I'd have more respect for the Tony Blair Faith Foundation if it had a different, less egotistical, name. (And, if truth be told, if it were led by a different, less sanctimonious, person). To wit, as he told Time last week:
He can, no question, come across as a bit cocksure in the rightness of his judgments. But he swims in deep waters. He is convinced, he told me, that in the rich world, "without spiritual values, there is an emptiness that cannot be filled by material goods and wealth." He understands that faith is what gives meaning to the lives of billions, and he passionately believes that the world would be a better place if people of faith harnessed their talents together in aid of the common good.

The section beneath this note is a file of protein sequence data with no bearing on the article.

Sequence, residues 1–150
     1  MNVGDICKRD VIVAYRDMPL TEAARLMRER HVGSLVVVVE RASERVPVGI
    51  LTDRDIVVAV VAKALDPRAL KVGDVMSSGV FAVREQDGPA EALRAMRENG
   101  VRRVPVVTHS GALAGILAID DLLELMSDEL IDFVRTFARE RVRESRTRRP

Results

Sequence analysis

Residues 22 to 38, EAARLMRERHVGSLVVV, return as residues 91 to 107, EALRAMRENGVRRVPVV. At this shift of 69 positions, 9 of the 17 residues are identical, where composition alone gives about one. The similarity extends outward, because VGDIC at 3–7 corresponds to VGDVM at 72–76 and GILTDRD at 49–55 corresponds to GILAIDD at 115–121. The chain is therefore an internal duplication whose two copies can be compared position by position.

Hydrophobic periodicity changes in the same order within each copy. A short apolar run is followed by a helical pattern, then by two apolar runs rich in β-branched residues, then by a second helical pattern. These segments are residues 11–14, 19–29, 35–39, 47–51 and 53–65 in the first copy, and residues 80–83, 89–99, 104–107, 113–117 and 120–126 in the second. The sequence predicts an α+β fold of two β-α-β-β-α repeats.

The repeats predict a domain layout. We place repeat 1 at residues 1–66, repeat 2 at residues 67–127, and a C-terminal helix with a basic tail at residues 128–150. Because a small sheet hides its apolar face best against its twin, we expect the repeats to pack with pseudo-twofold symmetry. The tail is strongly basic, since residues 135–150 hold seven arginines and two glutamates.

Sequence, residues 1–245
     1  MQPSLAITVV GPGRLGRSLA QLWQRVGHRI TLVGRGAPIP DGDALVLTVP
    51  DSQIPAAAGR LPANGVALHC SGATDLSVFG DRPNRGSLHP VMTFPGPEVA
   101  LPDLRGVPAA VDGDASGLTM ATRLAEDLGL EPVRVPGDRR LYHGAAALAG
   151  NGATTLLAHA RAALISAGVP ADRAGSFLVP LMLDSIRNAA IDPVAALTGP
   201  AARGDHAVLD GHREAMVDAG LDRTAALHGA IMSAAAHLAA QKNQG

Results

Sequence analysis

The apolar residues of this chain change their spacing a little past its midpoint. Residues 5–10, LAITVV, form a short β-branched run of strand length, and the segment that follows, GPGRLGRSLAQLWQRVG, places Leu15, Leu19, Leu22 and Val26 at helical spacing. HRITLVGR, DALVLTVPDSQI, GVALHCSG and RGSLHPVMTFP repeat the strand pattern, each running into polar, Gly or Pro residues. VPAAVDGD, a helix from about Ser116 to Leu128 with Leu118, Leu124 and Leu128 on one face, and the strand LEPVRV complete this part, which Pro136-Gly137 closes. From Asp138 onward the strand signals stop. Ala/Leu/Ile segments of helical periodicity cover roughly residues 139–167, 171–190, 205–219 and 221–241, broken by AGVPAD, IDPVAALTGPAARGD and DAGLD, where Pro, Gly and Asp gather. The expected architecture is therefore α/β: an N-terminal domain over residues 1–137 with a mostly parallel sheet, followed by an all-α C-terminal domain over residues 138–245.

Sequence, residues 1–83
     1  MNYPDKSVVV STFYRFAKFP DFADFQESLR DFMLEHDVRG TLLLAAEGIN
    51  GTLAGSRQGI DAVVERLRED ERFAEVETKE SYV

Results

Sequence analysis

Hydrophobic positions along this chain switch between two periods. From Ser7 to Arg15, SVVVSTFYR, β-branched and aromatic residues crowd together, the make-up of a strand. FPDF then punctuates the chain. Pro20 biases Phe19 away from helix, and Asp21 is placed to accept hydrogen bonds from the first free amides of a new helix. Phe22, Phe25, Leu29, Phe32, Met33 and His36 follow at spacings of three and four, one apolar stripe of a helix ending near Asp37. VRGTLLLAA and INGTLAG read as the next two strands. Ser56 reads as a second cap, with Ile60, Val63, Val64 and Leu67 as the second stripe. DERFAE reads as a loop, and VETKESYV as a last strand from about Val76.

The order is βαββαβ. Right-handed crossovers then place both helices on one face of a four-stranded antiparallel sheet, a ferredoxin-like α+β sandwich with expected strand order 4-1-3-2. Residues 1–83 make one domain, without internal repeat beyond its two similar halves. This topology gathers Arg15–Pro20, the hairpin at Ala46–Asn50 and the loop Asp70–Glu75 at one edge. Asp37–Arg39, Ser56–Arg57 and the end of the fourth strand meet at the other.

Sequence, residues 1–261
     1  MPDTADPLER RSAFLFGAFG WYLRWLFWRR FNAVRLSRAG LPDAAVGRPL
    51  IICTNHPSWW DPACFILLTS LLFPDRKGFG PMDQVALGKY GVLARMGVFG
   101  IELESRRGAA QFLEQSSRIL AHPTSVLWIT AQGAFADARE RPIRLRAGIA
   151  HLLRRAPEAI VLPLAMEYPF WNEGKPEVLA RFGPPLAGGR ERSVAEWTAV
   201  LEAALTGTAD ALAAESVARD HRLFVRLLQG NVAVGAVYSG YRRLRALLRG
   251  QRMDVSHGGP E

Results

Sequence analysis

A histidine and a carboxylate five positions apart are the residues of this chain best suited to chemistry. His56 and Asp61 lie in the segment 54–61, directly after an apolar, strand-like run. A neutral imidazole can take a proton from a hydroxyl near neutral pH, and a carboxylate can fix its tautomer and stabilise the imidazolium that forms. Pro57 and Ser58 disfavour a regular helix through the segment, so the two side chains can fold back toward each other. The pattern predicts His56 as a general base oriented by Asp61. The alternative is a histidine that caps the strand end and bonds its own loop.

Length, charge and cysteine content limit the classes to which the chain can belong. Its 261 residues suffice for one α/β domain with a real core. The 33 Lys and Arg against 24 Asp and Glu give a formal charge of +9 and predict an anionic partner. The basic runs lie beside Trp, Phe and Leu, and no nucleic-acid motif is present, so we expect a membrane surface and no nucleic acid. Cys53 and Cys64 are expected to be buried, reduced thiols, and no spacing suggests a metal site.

Well, how many people really think that "material goods" replace the consolations of "spiritual values"? Precious few. And why does Blair suppose that these "spiritual values" are somehow necessary for a virtuous, decent life and that those of us who don't troop off to church each week are in some sense deficient? On the other hand, it's by no means an original argument to suggest that billions of people find consolation in "spiritual values" precisely because their temporal circumstances are so miserable. (The United States, of course, is, to some extent anyway, the great exception.) Anyway, does Blair really think Britain would be a happier place if more folk attended church each week? And if so, on what does he base this conviction?
Then again, if Blair is right, then we're doomed:
"Religious faith will be of the same significance to the 21st Century as political ideology was to the 20th Century."
That's something to look forward to, eh?